The year-to-date return for gilts compares with 6.2 percent for German bonds and 7.3 percent for U.S. Treasuries, the Bloomberg/EFFAS indexes show.

The U.K. economy will expand 1.3 percent next year, compared with 0.9 percent in 2011, according to the median of economist estimates compiled by Bloomberg. The euro region’s growth will slow to 0.7 percent from 1.6 percent, while the U.S. will accelerate to 2 percent from 1.7 percent, surveys show.

King, 63, is supporting growth and demand for bonds by keeping the central bank’s benchmark interest rate at a record low 0.5 percent and employing a bond-buying strategy similar to the Federal Reserve’s quantitative easing to pump money into the economy. At the same time, U.K. inflation has accelerated, with consumer prices rising 5.2 percent from a year earlier in September, matching a record high.

Asset Purchases

U.K. policy makers decided to increase asset purchases by 75 billion pounds to 275 billion pounds at their last meeting on Oct. 6. The Fed has bought about $2.3 trillion of government and mortgage-related bonds the past three years. European Central Bank President Jean-Claude Trichet has avoided quantitative easing and overseen two interest-rate increases for the euro area this year to 1.5 percent.

The pound has gained about 5 percent against the dollar since touching its lowest level for the year on Oct. 6, when the Bank of England announced its plan.

The U.K. asset purchases may yet weigh on sterling as they increase supply of the currency, according to Shaun Osborne, chief currency strategist at Toronto-Dominion Bank’s TD Securities unit in Toronto.

Government Debt

“We can’t really rule out at the moment further easing coming through,” he said in a phone interview on Oct. 27. “It’s going to keep the pound toward the lower end of the range that it has been in the past couple of months.”

The pound will stay little changed against the euro, trading at 87 pence at year-end, and weaken to $1.56, according to median analyst estimates compiled by Bloomberg.

Sterling’s strength marks a turnaround from much of the past four years. It has depreciated 30 percent as measured by Bloomberg Correlation-Weighted Indexes since the end of 2006. The currency suffered as the government added to its deficit by spending 65.8 billion pounds bailing out Lloyds Banking Group Plc (LLOY) and Royal Bank of Scotland Group Plc.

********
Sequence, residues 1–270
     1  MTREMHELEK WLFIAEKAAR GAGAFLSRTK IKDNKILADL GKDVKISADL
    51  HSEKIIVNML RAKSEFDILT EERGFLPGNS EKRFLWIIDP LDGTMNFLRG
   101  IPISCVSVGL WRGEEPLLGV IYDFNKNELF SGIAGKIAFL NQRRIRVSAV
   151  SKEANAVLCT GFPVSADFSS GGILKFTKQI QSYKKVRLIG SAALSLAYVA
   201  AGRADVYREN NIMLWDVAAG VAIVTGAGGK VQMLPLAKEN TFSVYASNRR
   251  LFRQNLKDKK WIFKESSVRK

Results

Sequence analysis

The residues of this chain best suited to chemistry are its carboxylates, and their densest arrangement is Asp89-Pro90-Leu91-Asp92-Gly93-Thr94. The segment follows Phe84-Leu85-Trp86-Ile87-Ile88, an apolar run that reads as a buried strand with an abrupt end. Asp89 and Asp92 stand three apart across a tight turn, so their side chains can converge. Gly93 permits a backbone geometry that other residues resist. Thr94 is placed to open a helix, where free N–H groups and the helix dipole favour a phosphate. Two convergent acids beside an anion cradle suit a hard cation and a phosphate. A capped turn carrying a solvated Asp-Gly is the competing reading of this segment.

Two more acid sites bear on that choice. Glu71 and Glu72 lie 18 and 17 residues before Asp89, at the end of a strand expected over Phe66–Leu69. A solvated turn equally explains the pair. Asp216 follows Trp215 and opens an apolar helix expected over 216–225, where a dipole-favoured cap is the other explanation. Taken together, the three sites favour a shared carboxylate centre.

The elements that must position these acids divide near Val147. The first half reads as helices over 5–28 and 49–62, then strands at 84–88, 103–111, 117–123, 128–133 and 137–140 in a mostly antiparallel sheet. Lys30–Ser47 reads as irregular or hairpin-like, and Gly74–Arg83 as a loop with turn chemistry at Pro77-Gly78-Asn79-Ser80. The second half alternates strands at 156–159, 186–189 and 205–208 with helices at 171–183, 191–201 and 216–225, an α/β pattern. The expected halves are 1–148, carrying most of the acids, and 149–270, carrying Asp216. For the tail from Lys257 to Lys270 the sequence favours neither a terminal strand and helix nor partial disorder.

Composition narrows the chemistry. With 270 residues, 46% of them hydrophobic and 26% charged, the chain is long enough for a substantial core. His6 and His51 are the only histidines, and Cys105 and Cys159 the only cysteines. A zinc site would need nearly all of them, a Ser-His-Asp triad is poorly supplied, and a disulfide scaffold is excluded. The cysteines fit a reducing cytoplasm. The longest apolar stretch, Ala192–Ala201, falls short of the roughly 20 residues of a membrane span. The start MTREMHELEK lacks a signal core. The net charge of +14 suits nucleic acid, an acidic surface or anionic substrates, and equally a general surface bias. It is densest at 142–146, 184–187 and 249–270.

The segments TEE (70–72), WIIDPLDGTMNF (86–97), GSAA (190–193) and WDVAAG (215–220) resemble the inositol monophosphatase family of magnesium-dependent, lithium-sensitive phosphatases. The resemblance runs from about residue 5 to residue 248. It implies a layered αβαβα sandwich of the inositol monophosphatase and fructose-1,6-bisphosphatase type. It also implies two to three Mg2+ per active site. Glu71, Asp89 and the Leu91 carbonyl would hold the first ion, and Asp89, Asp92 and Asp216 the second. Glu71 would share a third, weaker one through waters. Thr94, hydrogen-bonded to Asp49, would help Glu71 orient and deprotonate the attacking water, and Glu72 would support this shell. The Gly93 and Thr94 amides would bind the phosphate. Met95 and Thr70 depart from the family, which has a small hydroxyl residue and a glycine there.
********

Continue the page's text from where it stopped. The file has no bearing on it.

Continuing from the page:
Britain’s government debt was 79.9 percent of gross domestic product last year and its deficit was 10.3 percent of the economy, according to European Union data. While Germany’s debt ratio was 83.2 percent, its deficit was 4.3 percent of GDP. Spain’s deficit was 9.3 percent of GDP and Ireland’s was 31.3 percent.

Current Account

“At the beginning of last year we were like Spain, and we risked being like Ireland,” Newton’s Cunningham said of the U.K. “Over the course of the next 12 months we were like France. Now we’re heading in the direction of Germany, while France is heading the other way.”

Germany’s 10-year borrowing costs were 43 basis points less than Britain’s at the end of last week. France paid 55 basis points more than the U.K. to borrow for the same period.

Britain’s relatively small current-account deficit, which narrowed to 2 billion pounds in the second quarter, the least since the start of 2008, means the nation doesn’t need to rely as much as the U.S. on foreign capital, making it a haven for currency investors. The broadest measure of trade in the U.S. equals 3.1 percent of the economy, compared with 1.8 percent in the U.K.

Gilt Holdings

Non-resident holdings of gilts increased by 25.7 billion pounds this year through Sept. 30, after rising by 78.7 billion pounds last year, according to Bank of England data. They increased by 12 billion pounds in September, the most since April 2010. The pound’s share of global currency reserves rose to 4.2 percent in the second quarter from 4 percent at the end of last year, the latest data from the IMF in Washington show.

DWS Investment GmbH, which manages about $400 billion, sees the pound rising to a range of $1.63 to $1.64 by year-end, according to Dirk Aufderheide, head of currencies at the firm in Frankfurt.

“Sterling represents an interesting currency for diversification because it’s liquid,” Aufderheide said in an Oct. 26 telephone interview. “Cameron and his team were able to implement very strong measures and that’s what the market loves.”

To contact the reporter on this story: Paul Dobson in London at pdobson2@bloomberg.net

To contact the editor responsible for this story: Daniel Tilles at dtilles@bloomberg.net